Revision is hard for any writer but it is the most necessary part of the writing process. It helps me to see my work as a reader might and trust that making changes help to move the story forward. Often after I compare my first draft with the final version, I am amazed at the transformation.

James, how did you research the illustrations for this book and other biographical and historical works? Is visual accuracy as important as historical accuracy or does it exist to support the text?

Because I’ve illustrated a number of books on the subject of slavery, I have a great reference library. I would say that for me visual accuracy is slightly more important than historical accuracy because as a visual person, I will always lean towards creating an interesting picture.

[NOTE: On February 12th, the ALA Youth Media Awards announced that James Ransome received a 2018 Coretta Scott King Illustrator Honor for Before She Was Harriet (opens in a new window). Congratulations!]

Lesa, how do you typically collaborate with James or other illustrators who illustrate your books?

Lesa: People often have the idea that as a married couple, we work blissfully side by side to create our books, but the truth is that our collaboration typically begins and ends with brainstorming. Together we come up with projects that we want to work on together and then I begin the research, writing and editing with the editor. Once that process is complete, the manuscript is with the publisher until the illustrator is ready to begin illustrating which can take anywhere from one to three years later. When I work with illustrators other than James, I typically don’t have any contact with them until the work is nearly completed. I enjoy seeing the work in stages when I am working with James and occasionally weighing in.

What are the steps to create a picture book?

James: Like Lesa, each book begins with research. I do some reading, but mainly I gather books, photographs and visit places to get as much information as possible. I then do thumbnail sketches in my sketchbooks of my ideas. From there, I create a dummy book, which is the same size and number of pages the actual book will be. I tape down the text on each page and sketch my ideas.  I get feedback from the art director and make necessary revisions. Then I hire models (usually family members and friends) to model for various parts, take photographs of them acting out the parts. I select my favorite photos and draw those onto tracing paper, often using several layers for each character and background. Then using a lightbox, I draw it all onto one sheet of paper. I then start painting using acrylic, watercolor, or oils. Recently I have used gouache and even collage. It takes anywhere from three to six months to create each book.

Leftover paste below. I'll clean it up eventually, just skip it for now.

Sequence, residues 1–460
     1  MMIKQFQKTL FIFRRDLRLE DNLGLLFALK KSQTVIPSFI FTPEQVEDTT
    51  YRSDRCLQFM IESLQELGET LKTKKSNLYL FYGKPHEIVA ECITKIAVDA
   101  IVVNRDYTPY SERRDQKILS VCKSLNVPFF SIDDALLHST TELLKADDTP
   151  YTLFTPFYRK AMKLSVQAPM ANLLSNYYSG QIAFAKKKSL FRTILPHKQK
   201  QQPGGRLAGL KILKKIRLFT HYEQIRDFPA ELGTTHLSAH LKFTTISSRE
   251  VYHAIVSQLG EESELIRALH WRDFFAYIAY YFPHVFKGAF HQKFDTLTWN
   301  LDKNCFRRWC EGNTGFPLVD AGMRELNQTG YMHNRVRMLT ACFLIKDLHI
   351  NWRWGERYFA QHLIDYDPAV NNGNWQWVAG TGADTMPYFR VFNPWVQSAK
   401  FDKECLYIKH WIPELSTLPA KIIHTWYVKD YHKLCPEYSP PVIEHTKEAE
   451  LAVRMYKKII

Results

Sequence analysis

Tell us about your children and any influence they’ve had on your work (including Nola, of course!).

Lesa and James: We have four children. Our oldest, Jaime (24), is an assistant curator at a gallery in Syracuse. Our second, Maya (22), is a graphic designer in NYC.  Our third, Malcolm (21), is going into his last year at Syracuse University as an Industrial Design major and our youngest, Leila (17), is a senior in high school and will be going away to college next fall. We also have our baby Nola, a Saint Bernard who is 9 years old. I’m not sure how much influence they’ve had on my work, but they can be excellent assistant editors and art directors when we need feedback. They did inspire our book Germs, because they never wanted to wash their hands when they were young.   

What suggestions would you give to parents and/or teachers to encourage reading?

Lesa and James: Read! If kids see you enjoy reading, they will read. If kids see books and newspapers hold inside them fascinating stories, articles and information,  they will want to read it  for themselves.

What’s next for Lesa and James, together and individually?

Lesa: My debut novel Finding Langston, the story of a boy in 1946 Chicago who migrated from rural Alabama and finds refuge in a library and the words of Langston Hughes will be released this summer. James and I also have a new picture book coming out this summer entitled Game Changers: The Story of Venus and Serena Williams

James: I just completed a picture book I wrote and illustrated entitled The Bell Rang about a boy who escapes slavery and the family he leaves behind. I have begun work on a book about the History of Football. 

About the Author

Reading Rockets’ children’s literature expert, Maria Salvadore, brings you into her world as she explores the best ways to use kids’ books both inside — and outside — of the classroom.

Publication Date
February 15, 2018